Hexagonal pyramidal end of a single quartz crystal

Quartz (SiO2) is the most common of all minerals, making up 12% of the Earth's crust. There are two main types of quartz: (1) crystalline quartz and (2) dense, microcrystalline to cryptocrystalline (microscopic to submicroscopic) quartz. Many dense varieties occur in Illinois; the most common is chert.

Well-formed, prismatic crystals of quartz are typically six-sided and elongated with sharply pointed pyramid-like ends. Quartz crystals are apt to grow together, in clusters. Good, large crystals are rare in Illinois. However, good, well-formed crystals occur within some geodes (see Subsidiary Rock Forms) and within certain openings (vugs) in some limestone layers.

Cluster of quartz crystalsQuartz is brittle and hard. It may be colorless or tinted, transparent or translucent; more commonly, it is white and nearly opaque. Transparent quartz appears similar to ordinary glass, but scratches glass easily. Transparent quartz has a glassy (vitreous) to brilliant luster and breaks irregularly or with a good curved (conchoidal) fracture. Specific gravity is 2.65.

Some varieties of cryptocrystalline quartz that are used for semiprecious gems are chalcedony, agate, onyx, and jasper. Chalcedony is waxy, smooth, generally translucent, and white to gray, blue, brown, or black. Lake Superior agatesAgate is a form of chalcedony that has a mottled or variegated banded appearance and may be yellow, green, red, brown, blue, gray, or black. Onyx is agate with parallel bands that as a rule are brown and white or black and white. Jasper, an impure opaque chert, generally is red or yellow-brown.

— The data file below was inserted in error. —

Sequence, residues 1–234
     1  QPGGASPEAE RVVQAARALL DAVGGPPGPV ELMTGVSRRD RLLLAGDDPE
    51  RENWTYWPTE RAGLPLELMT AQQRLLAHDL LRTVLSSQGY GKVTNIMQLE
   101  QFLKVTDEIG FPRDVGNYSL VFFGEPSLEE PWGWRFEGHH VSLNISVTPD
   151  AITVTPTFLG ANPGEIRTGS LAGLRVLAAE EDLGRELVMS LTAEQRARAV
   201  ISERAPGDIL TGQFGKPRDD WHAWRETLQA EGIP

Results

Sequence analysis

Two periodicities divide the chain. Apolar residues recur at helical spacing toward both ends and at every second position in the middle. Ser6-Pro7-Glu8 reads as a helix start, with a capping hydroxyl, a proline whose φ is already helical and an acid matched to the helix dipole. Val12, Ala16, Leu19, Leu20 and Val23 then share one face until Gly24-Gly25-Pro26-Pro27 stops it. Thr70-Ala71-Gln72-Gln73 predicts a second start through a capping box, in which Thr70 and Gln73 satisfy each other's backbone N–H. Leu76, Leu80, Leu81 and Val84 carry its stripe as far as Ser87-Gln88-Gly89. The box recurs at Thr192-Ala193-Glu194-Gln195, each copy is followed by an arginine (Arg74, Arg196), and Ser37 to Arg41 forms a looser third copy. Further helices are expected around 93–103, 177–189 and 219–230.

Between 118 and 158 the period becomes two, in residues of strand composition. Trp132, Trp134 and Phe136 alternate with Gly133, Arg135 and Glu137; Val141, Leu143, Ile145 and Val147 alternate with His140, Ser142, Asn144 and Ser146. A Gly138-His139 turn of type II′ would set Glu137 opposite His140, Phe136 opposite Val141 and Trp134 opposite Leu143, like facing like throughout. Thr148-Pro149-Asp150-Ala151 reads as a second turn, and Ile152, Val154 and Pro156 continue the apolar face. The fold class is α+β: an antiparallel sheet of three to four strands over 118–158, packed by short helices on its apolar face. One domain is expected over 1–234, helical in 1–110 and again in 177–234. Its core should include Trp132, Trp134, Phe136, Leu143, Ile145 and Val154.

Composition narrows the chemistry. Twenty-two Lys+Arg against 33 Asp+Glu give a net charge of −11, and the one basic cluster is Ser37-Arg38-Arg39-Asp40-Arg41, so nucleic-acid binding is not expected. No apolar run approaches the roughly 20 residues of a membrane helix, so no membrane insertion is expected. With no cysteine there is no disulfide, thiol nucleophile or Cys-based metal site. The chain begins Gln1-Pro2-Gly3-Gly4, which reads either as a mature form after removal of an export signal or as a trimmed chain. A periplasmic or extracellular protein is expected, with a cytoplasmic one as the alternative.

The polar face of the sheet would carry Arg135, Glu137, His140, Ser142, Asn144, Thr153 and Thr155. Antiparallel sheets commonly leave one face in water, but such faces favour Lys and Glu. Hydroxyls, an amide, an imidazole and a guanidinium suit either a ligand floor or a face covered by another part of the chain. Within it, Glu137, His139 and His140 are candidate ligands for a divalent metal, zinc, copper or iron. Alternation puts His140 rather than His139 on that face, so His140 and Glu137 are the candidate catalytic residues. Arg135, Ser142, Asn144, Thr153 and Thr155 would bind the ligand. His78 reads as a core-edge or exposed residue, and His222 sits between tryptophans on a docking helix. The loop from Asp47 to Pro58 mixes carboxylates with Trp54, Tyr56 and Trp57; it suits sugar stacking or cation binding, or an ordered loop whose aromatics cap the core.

Quartz occurs as rock crystal (colorless, transparent), milky quartz (white, nearly opaque), and smoky quartz (smoky yellow to gray or brown) in geodes from the Warsaw and Keokuk Limestones of the Nauvoo-Hamilton-Warsaw area. Quartz also occurs as vein and cavity fillings associated locally with fluorite, sphalerite, and galena in extreme southern Illinois. It also occurs as vug (cavity) fillings in limestones and sandstones.